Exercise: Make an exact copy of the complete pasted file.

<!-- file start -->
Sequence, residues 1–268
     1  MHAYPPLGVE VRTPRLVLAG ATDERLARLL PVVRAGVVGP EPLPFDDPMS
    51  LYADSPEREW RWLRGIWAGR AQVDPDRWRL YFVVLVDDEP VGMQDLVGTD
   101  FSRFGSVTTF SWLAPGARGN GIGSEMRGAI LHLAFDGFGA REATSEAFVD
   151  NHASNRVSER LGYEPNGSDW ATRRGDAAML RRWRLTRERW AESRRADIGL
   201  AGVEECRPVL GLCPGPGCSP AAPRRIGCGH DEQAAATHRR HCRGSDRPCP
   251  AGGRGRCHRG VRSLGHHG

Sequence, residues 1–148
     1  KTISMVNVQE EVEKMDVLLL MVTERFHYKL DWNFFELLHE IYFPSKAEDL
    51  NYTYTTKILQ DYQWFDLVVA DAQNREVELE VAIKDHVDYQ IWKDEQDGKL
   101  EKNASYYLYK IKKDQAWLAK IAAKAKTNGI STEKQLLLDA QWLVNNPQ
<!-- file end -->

Sequence, residues 1–268
     1  MHAYPPLGVE VRTPRLVLAG ATDERLARLL PVVRAGVVGP EPLPFDDPMS
    51  LYADSPEREW RWLRGIWAGR AQVDPDRWRL YFVVLVDDEP VGMQDLVGTD
   101  FSRFGSVTTF SWLAPGARGN GIGSEMRGAI LHLAFDGFGA REATSEAFVD
   151  NHASNRVSER LGYEPNGSDW ATRRGDAAML RRWRLTRERW AESRRADIGL
   201  AGVEECRPVL GLCPGPGCSP AAPRRIGCGH DEQAAATHRR HCRGSDRPCP
   251  AGGRGRCHRG VRSLGHHG

Sequence, residues 1–148
     1  KTISMVNVQE EVEKMDVLLL MVTERFHYKL DWNFFELLHE IYFPSKAEDL
    51  NYTYTTKILQ DYQWFDLVVA DAQNREVELE VAIKDHVDYQ IWKDEQDGKL
   101  EKNASYYLYK IKKDQAWLAK IAAKAKTNGI STEKQLLLDA QWLVNNPQ